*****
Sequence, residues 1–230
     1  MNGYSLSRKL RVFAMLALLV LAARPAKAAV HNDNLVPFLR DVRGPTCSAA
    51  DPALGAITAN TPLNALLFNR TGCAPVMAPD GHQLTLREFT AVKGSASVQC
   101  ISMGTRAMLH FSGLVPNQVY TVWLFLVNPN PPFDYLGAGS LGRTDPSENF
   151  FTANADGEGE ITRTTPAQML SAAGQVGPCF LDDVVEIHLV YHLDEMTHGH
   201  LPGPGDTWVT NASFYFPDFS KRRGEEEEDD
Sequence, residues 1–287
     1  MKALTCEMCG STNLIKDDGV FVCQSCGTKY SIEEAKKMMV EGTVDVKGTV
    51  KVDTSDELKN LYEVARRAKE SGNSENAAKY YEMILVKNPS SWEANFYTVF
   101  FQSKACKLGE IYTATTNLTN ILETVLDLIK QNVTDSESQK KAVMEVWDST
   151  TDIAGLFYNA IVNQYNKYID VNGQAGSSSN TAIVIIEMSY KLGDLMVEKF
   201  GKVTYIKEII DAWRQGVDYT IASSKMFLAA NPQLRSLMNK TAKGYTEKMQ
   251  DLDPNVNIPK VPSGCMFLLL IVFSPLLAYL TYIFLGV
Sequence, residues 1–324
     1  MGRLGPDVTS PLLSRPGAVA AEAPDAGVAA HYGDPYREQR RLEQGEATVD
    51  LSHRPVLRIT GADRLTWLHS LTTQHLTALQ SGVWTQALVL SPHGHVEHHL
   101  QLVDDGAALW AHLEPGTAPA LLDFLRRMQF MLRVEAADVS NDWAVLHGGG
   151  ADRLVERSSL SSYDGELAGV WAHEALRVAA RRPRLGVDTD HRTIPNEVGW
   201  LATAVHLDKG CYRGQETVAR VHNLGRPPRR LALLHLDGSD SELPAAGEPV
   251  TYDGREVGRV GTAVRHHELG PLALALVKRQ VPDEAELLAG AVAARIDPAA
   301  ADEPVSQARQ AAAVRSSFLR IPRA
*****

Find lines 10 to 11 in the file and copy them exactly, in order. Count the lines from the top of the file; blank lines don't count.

   101  FQSKACKLGE IYTATTNLTN ILETVLDLIK QNVTDSESQK KAVMEVWDST
   151  TDIAGLFYNA IVNQYNKYID VNGQAGSSSN TAIVIIEMSY KLGDLMVEKF